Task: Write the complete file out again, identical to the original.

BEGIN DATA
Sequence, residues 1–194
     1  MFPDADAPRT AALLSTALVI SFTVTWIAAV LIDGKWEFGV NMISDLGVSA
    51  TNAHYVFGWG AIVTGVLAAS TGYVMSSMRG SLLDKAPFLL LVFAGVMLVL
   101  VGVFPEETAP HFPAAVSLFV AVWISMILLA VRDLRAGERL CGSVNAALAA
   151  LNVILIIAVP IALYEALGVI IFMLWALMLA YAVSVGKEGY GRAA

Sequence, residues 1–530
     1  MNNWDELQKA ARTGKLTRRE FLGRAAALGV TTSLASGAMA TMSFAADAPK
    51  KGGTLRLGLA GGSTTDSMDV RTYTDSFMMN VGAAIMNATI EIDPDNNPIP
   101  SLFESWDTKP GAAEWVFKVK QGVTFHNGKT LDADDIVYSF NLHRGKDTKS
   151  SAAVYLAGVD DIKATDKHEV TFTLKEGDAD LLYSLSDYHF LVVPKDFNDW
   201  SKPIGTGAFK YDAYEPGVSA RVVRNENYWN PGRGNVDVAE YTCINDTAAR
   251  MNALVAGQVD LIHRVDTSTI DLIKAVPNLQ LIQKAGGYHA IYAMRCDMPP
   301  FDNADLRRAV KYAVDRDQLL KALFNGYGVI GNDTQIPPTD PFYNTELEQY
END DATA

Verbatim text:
Sequence, residues 1–194
     1  MFPDADAPRT AALLSTALVI SFTVTWIAAV LIDGKWEFGV NMISDLGVSA
    51  TNAHYVFGWG AIVTGVLAAS TGYVMSSMRG SLLDKAPFLL LVFAGVMLVL
   101  VGVFPEETAP HFPAAVSLFV AVWISMILLA VRDLRAGERL CGSVNAALAA
   151  LNVILIIAVP IALYEALGVI IFMLWALMLA YAVSVGKEGY GRAA

Sequence, residues 1–530
     1  MNNWDELQKA ARTGKLTRRE FLGRAAALGV TTSLASGAMA TMSFAADAPK
    51  KGGTLRLGLA GGSTTDSMDV RTYTDSFMMN VGAAIMNATI EIDPDNNPIP
   101  SLFESWDTKP GAAEWVFKVK QGVTFHNGKT LDADDIVYSF NLHRGKDTKS
   151  SAAVYLAGVD DIKATDKHEV TFTLKEGDAD LLYSLSDYHF LVVPKDFNDW
   201  SKPIGTGAFK YDAYEPGVSA RVVRNENYWN PGRGNVDVAE YTCINDTAAR
   251  MNALVAGQVD LIHRVDTSTI DLIKAVPNLQ LIQKAGGYHA IYAMRCDMPP
   301  FDNADLRRAV KYAVDRDQLL KALFNGYGVI GNDTQIPPTD PFYNTELEQY